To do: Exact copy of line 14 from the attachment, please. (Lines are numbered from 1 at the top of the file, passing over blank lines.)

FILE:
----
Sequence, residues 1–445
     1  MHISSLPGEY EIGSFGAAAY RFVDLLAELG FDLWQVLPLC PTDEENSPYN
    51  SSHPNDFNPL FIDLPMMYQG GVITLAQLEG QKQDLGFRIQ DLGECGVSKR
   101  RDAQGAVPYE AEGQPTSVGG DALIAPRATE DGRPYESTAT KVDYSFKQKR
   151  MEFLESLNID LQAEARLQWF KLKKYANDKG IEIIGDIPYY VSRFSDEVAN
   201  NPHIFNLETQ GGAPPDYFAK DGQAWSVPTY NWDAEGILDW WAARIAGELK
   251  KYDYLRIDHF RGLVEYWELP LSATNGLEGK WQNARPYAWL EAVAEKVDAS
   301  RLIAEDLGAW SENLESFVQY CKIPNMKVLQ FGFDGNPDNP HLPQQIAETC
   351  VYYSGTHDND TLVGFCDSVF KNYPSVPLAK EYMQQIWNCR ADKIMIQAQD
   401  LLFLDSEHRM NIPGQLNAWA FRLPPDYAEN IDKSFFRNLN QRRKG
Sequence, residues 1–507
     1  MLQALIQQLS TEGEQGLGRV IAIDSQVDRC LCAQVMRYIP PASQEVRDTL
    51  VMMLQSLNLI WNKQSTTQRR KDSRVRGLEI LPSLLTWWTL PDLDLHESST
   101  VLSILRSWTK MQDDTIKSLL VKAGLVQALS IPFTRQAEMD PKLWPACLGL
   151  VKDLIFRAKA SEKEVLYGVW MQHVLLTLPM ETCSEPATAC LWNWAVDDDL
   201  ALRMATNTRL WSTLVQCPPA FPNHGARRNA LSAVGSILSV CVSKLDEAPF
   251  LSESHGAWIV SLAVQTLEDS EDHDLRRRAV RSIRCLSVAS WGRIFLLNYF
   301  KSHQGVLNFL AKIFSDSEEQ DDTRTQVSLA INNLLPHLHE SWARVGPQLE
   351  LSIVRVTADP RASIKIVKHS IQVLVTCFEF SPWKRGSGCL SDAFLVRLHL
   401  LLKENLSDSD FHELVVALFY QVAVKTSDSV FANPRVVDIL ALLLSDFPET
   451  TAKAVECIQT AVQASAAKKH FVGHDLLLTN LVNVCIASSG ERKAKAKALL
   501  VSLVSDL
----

   101  VLSILRSWTK MQDDTIKSLL VKAGLVQALS IPFTRQAEMD PKLWPACLGL